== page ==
Another heinous crime has been committed by a U.S. soldier. In December 2021, the Naha District Public Prosecutor’s Office indicted Jordan Begaye of the U.S. Marine Corps for injuring a woman in an attempt to sexually assault her the past October.
This year marks the 50th anniversary of Okinawa prefecture returning to Japanese control. Although the prefectural government advocates for preventative measures and enforcement of disciplinary measures every time there is an incident, these heinous crimes continue to be committed. The underlying problem is the structure of the U.S. military. Sexual crimes violate the victim’s human rights and are considered a “murder of the soul.” These despicable and atrocious crimes absolutely cannot be allowed.
In the event of such crimes, if the U.S. recognizes a crime has been committed, military personnel can be handed over to Japanese law enforcement prior to indictment. However, in this case, Begaye was released to Okinawan police after indictment. Because the crime occurred outside of U.S. military facilities, the Japanese government should be the ones to detain the accused and investigate the case. The Japanese government should demand a revision of the Status of Forces Agreement to mandate pre-indictment surrender for all crimes.
Sex-related crimes by military personnel have been occurring one after another within the prefecture since last year. The perpetrators are emboldened by the knowledge that they are protected under the Status of Forces Agreement, which grants privileges to the U.S. military.
According to Article 17 of the U.S.-Japan Status of Forces Agreement, if U.S. military personnel or civilian employees of the military commit a crime that is not related to their official duties, they will remain with the U.S. until the Japanese government prosecutes the offense.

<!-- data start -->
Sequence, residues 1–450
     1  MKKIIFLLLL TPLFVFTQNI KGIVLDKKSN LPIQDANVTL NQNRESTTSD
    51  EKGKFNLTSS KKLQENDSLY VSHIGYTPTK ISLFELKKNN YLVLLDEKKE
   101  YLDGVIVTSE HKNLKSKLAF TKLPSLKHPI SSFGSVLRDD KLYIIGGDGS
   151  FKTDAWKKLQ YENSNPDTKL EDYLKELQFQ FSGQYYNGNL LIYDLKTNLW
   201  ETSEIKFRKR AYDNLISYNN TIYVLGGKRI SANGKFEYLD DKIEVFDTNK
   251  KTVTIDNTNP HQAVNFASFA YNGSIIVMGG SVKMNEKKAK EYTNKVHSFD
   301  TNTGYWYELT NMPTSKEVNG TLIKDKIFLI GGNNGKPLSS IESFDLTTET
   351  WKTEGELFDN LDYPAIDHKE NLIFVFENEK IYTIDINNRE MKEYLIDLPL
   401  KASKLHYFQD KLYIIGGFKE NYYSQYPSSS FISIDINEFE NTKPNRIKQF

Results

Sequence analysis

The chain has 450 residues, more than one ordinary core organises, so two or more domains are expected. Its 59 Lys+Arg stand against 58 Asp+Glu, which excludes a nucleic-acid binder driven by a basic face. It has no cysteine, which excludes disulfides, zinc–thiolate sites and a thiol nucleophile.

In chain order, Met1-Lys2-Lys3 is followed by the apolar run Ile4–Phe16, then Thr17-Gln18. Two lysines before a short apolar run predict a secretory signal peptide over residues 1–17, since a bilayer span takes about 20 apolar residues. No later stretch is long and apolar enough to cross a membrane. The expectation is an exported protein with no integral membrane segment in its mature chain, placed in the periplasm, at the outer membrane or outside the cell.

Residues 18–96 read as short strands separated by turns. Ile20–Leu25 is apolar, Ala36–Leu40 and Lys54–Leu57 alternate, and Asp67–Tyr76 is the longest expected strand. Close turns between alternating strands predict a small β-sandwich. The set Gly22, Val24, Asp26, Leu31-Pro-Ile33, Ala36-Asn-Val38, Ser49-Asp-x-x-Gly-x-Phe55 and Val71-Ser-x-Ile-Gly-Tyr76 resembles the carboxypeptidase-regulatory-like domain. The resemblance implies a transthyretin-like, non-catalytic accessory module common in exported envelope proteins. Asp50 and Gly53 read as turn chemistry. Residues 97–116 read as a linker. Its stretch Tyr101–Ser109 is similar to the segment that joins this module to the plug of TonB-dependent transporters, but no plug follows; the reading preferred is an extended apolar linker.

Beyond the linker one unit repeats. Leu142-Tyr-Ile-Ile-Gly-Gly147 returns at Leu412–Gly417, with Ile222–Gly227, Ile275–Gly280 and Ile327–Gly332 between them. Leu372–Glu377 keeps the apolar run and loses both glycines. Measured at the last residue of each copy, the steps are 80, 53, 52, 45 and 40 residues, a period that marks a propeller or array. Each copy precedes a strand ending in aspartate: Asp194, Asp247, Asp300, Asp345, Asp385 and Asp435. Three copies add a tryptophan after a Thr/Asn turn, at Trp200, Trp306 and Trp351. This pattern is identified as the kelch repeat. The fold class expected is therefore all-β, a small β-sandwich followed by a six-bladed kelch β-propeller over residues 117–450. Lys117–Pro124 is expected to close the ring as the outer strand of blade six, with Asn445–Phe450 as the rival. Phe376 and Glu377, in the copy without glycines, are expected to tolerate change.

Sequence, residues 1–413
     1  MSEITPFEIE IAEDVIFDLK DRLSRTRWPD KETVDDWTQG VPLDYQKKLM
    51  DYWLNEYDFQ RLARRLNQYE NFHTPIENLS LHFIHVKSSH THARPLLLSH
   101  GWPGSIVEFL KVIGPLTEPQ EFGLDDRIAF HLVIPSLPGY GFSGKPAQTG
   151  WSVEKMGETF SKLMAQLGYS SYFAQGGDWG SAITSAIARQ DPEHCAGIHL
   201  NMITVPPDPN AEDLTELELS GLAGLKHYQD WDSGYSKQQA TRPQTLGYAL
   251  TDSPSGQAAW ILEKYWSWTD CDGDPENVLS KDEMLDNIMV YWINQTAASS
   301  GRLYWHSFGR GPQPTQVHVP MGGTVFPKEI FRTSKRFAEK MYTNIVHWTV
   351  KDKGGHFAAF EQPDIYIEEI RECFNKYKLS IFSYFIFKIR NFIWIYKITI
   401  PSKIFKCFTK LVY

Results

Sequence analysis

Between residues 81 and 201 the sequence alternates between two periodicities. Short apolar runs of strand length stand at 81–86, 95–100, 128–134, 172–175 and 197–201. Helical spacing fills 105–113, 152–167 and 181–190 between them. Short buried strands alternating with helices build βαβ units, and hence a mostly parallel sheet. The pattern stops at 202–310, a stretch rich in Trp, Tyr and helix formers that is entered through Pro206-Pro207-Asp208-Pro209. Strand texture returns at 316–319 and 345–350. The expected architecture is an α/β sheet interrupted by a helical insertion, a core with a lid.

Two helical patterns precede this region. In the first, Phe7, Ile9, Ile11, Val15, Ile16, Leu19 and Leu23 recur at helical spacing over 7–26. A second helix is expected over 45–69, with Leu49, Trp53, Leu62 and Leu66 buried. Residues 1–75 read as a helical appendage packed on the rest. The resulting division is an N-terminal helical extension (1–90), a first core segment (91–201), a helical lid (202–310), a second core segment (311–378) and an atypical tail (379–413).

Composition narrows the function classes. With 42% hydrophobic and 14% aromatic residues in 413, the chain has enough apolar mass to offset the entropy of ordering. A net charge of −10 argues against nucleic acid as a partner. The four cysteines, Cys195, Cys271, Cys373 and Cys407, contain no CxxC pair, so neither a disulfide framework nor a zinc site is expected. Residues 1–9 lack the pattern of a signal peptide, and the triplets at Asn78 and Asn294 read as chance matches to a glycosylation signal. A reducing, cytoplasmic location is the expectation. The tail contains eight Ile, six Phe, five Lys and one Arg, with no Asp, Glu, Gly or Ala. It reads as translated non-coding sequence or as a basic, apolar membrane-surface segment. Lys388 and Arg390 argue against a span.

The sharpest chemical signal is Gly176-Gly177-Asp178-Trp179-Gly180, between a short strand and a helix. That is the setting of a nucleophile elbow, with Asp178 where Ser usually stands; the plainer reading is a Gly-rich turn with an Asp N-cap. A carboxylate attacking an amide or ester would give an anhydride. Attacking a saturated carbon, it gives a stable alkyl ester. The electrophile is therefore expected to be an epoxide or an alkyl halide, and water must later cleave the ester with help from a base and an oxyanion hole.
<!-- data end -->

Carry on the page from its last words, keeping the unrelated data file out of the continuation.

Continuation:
The Status of Forces Agreement was “improved” in the wake of the 1995 Okinawa rape incident. The U.S. has agreed to “give sympathetic consideration” regarding the transfer of the accused before prosecution only for “murder, rape, and other serious cases.” However, this is not enforceable; there have been cases where the U.S. refused to hand over military personnel accused of such crimes without giving a clear reason.
Regarding the case from October 2021, according to investigators, the U.S. military detained Lance Corporal Jordan Begaye on the base after the investigation by the prefectural police’s iidentified him. The defendant was under the supervision of the U.S. military and underwent multiple interrogations in response to appearance requests from the prefectural police. This is likely the result of information sharing and cooperation between the prefectural police and the U.S. military, but because of the Status of Forces Agreement’s improvement, Japanese law enforcement should be able to demand custody of the accused prior to indictment.
Why do sex-related crimes continue to happen? The Ryukyu Okinawa branch of the Veterans for Peace, established by retired U.S. military personnel, issued a statement in the wake of an incident in 2016, in which a 20-year-old Japanese woman was raped and murdered by a U.S. civilian employee of the military. The statement claims in its analysis that “military education and enforcement of discipline” is in a predicament.* The army cannot fight on the actual battlefield with “good neighbor” training alone, but there is also informal education on how to be an effective murderer.
Experts point out that the Marine Corps troops are trained to look down on women in order to promote masculine aggression, and consequently lose their balance as human beings. As long as this army remains, these crimes will be repeated.
On the other hand, there is the question of why the case was kept private by the prefectural government. Although victim protection is understandable, it is a fact that a heinous crime has occurred. There needs to be a convincing explanation for such secrecy.
*Editor’s Note: This quotation, accurately translated, could not be verified.